Knead your bread for at 8 to 10 minutes. To keep your bread from sticking just keep it moving. Use quick motions pulling and pushing the dough and turning it with each motion. 

Once your dough has been kneaded place it back into a lightly oiled bowl, turn it once so that all sides of the dough are covered with oil. Cover with a light towel and place it in a warm, draft free area, and allow it to raise until doubled in size. 

 Here are my two batches of dough side by side, both have raised once. My batch of bread machine dough fell when I took it out of the machine, but that is okay, you punch it down at this point anyway.  Take your dough out of the bowl, punch it down, and shape it into loaves.

Place your shaped loaves into a greased bread pan. I just use some non-stick spray in my pans. Cover your loaf pans with a light towel and allow them to raise until double again.

 Here are my raised loaves side by side. The bread machine loaf is on the right and the loaf I did by hand is on the left. My bread machine loaf raised a bit faster. At this point I popped that one in the oven and allowed the one I kneaded by hand to raise a bit longer.
Homemade Whole Wheat Bread

Bake your bread in a 350 degree oven for about 45 minutes. By the time my bread machine loaf was done the loaf I had kneaded by hand was ready for the oven. Here they are side by side, bread machine on the right and handmade on the left. Easy right! and oh so yummy! and healthy too! - Not a whole bunch of preservatives and junk and made with 50% whole grain flour. Check back for more yummy bread recipes. I will share all of our favorites with you.

As a side note: You can double this recipe and make two loaves at once, but only if you are doing it by hand, a double loaf won't fit in the bread machine. You can also use your kitchen aid mixer to do the work for you. 

Thursday, September 20, 2012

Vegan Sloppy Joes

So I stole this idea from my sister, who has been following a vegan diet. She made these for herself one afternoon while the rest of us were eating the original thing. Although I didn't taste them, they smelled and looked great and I knew that I wanted to give them a try when I got home. Thanks Sister!

Vegan Sloppy Joes
Here's my recipe:

1/2 lb. Cooked Black Beans
1 Tb. Oil
1/2 Cup Chopped Onion
1 to 2 Cloves Minced Garlic
About 1 Cup Ketchup
About 3 Tb. Mustard
2 Tb. Brown Sugar

Heat oil in a skillet. Add onion and garlic and cook until softened. Add remaining ingredients and heat until bubbly. Serve with whole wheat buns. 

I thought these were really yummy and everyone gobbled them up, even my sweet little 6 year old, who doesn't always go crazy for beans. We will definitely be making them again, so give them a try.

Monday, September 17, 2012

Growing Hamburgers

So a few weeks back we had hamburgers for dinner, our 4 year old son looking intently at the sesame seeds on the bun, he looked up and asked, "Dad, if we plant these seeds will they grow hamburgers?"  Cute kid, huh.  Well we had a good discussion about where the hamburger bun came from and what it's made of and where the seeds on top came from.

We are trying to teach our kids about the food they eat, where it comes from, what went into making it.  We want them to understand the importance of eating good healthy food.  We want  them to know that someone somewhere grew or raised their food, that it doesn't just come from a box at the store.  We are trying to instill in them the love of good and healthful food.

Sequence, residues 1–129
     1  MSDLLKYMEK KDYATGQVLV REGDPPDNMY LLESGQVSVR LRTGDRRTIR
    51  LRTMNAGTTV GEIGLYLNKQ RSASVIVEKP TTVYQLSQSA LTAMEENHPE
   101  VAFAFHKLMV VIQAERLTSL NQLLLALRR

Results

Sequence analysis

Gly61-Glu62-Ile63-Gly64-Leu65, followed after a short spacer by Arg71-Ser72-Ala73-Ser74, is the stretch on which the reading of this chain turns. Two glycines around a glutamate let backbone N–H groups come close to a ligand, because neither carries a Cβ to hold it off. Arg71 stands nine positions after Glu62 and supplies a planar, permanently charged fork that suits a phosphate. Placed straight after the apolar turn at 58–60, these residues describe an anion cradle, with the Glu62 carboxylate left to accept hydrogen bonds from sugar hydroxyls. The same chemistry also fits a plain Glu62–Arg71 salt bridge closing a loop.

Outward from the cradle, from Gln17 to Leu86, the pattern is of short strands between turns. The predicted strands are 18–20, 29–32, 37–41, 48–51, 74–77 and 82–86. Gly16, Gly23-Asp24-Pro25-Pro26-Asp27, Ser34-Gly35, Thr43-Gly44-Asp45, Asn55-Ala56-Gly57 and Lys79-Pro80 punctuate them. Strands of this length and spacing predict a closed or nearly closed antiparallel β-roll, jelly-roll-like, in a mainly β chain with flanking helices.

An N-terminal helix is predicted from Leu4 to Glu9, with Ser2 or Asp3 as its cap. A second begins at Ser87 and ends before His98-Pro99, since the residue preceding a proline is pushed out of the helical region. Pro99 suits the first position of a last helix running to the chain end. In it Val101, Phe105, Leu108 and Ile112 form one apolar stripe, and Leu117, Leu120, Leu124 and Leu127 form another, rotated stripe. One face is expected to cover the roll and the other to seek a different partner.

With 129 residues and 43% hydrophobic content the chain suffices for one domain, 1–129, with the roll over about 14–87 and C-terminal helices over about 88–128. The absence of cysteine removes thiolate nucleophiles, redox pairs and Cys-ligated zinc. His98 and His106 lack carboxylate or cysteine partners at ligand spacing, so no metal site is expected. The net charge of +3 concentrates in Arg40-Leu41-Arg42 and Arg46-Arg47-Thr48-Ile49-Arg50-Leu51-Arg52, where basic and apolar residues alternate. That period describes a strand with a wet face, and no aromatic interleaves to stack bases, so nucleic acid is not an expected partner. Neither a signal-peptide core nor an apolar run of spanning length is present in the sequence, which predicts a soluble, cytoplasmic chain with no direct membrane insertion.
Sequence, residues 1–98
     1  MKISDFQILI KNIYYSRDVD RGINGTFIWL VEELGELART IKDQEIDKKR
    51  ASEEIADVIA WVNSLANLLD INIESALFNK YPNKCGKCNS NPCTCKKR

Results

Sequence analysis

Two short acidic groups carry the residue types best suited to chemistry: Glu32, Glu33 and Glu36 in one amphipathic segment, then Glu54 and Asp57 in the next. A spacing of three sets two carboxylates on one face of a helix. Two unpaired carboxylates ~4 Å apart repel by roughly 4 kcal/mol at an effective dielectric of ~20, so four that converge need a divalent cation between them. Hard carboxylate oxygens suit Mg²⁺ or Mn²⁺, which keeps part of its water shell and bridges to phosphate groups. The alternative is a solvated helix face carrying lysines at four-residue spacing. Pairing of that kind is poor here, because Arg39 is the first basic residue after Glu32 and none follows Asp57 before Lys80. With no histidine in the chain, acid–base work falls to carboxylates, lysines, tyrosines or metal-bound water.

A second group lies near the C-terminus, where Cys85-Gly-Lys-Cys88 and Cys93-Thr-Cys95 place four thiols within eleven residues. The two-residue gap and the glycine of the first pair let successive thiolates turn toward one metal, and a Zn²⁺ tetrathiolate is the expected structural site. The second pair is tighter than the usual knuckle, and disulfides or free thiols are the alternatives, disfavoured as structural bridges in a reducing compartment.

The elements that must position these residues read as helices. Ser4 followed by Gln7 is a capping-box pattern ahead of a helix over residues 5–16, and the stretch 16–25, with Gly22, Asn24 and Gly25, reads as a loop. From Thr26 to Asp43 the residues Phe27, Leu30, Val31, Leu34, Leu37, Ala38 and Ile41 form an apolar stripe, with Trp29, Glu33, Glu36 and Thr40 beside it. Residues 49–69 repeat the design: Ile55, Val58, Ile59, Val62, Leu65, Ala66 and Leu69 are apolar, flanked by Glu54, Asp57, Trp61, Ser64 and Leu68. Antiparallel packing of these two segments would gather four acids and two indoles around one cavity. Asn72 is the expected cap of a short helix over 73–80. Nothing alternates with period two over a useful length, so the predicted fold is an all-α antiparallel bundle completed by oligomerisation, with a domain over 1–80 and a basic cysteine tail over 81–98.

Cute questions like this opens up a dialog with the kids, our son had thought about it and was interested in the answer.  He listened and learned from our discussion.  Had I just started to ramble on about the origins of his food that night he might of listened.  He show interest and really wanted to understand, we helped him to understand.  It would have been easy too just laugh at the comment, though Shaun-ta' and I did share a smile.  We then chatted with him about it.

We have given our kids their own area of the garden to plant last year, they could plant what ever they wanted to, it's fun for them but they are learning in the process.  Just as we learn from gardening they are learning earlier in life.  We can hep them lay out their garden, what works and help them process what is happening throughout the season.  They take ownership and want to learn.  This year they are much more involved in planting the garden, our oldest has helped Shaun-ta' plant a lot of it, especially as we are planting for our fall garden.

Kids want to learn, they want to spend time with their parents.  We are their hero's, they look up to us and want to be like us.  It is up to us to be people they can look up to, and learn from.  It is also vital that we teach them proper principles so that when they are on their own they will make correct choices.

Saturday, September 15, 2012

Having a Weekly Menu = More Time & Money, Less Stress

I have been using a weekly menu for quite some time now, but I have gone through some periods where I slack off and am not as diligent at doing it. I can tell you from experience that when I take the time to plan a weekly menu life is a lot less chaotic and I am a much happier wife and mother. I plan a weekly menu for two very important reasons.

The 1st reason is because planning a weekly menu saves me time and money.

Here is what my menu looks like:

Example of our Monthly Menu